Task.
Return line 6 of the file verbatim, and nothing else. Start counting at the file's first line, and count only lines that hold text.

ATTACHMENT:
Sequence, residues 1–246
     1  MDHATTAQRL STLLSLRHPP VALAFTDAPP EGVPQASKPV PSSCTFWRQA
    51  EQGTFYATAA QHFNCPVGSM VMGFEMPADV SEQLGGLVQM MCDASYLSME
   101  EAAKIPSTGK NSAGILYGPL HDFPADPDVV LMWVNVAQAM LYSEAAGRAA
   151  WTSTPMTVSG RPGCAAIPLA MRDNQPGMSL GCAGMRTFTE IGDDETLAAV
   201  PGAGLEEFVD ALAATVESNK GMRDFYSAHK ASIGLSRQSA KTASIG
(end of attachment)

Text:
   201  PGAGLEEFVD ALAATVESNK GMRDFYSAHK ASIGLSRQSA KTASIG